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Performance Of Selected Pre-Harvest And Post-Harvest Corn And Soybean Marketing Strategies Vs. Alternative Market Benchmarks

  • Blue, E. Neal
  • Wisner, Robert N.
  • Baldwin, E. Dean
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    This study was undertaken to update earlier work by the authors that analyzed selected preharvest pricing strategies utilizing options markets to establish a price floor for part of the crop in the spring, with additional pricing done by use of short hedges in early summer. The timing of implementing these strategies was moved back to late February if the previous year's U.S. crop was a weather-induced short crop. A weather-induced short crop as opposed to a government program induced short crop was defined as one in which U.S. production fell below the previous year's use and the U.S. average yield was at least 6% below a trend yield. Previous work by the authors indicated that selected pre-harvest strategies applied to actual farms in Iowa and Ohio over the 1985-1998 time period generated net returns well above those from a naive strategy of systematically selling at harvest, with t-tests indicating statistical significance at the 5% level. Similar results were observed when the time period was extended to 2001. The results from this study may explain the observed increase in the use of forward pricing by farmers, the emergence of new pre-harvest marketing tools focusing on late winter and spring pricing opportunities, and the emphasis on pre-harvest pricing by market advisory services (Irwin et al., 2003). Results reported here suggest that over the past 18 to 29 years, farmers have had the potential to reap substantial economic benefits from improving both their pre-harvest and post-harvest marketing skills.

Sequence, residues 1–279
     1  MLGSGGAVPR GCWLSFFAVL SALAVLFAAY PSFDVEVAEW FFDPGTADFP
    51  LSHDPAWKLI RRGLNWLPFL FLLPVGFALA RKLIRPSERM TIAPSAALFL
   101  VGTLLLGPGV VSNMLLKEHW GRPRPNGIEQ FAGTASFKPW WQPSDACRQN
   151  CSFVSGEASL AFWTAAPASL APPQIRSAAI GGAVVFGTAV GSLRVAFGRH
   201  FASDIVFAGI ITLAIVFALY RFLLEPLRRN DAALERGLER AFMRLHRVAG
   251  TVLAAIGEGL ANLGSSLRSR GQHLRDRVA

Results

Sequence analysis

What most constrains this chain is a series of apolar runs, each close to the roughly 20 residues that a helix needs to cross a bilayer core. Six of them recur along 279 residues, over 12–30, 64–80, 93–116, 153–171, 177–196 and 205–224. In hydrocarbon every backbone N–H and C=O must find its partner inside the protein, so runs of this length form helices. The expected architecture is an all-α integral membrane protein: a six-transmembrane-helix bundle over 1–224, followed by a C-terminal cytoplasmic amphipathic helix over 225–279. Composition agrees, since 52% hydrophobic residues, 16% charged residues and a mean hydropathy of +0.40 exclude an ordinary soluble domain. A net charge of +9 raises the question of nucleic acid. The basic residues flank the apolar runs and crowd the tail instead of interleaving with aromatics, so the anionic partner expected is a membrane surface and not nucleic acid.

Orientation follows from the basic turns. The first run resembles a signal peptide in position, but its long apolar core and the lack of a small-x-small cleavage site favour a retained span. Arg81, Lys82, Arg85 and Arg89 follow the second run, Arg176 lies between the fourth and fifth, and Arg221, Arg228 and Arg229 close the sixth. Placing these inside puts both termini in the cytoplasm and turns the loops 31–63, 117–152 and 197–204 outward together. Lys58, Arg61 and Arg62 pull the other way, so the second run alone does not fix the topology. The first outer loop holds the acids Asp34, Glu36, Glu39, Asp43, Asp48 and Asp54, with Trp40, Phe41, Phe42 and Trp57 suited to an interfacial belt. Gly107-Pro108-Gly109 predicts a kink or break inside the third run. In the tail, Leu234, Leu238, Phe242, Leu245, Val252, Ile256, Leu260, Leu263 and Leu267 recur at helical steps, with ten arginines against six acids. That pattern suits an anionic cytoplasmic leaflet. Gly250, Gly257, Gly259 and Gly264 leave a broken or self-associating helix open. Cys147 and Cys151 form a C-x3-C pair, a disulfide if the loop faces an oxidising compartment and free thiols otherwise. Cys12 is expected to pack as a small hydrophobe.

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    Paper provided by NCR-134 Conference on Applied Commodity Price Analysis, Forecasting, and Market Risk Management in its series 2004 Conference, April 19-20, 2004, St. Louis, Missouri with number 19010.

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    Date of creation: 2004
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    Handle: RePEc:ags:ncrfou:19010
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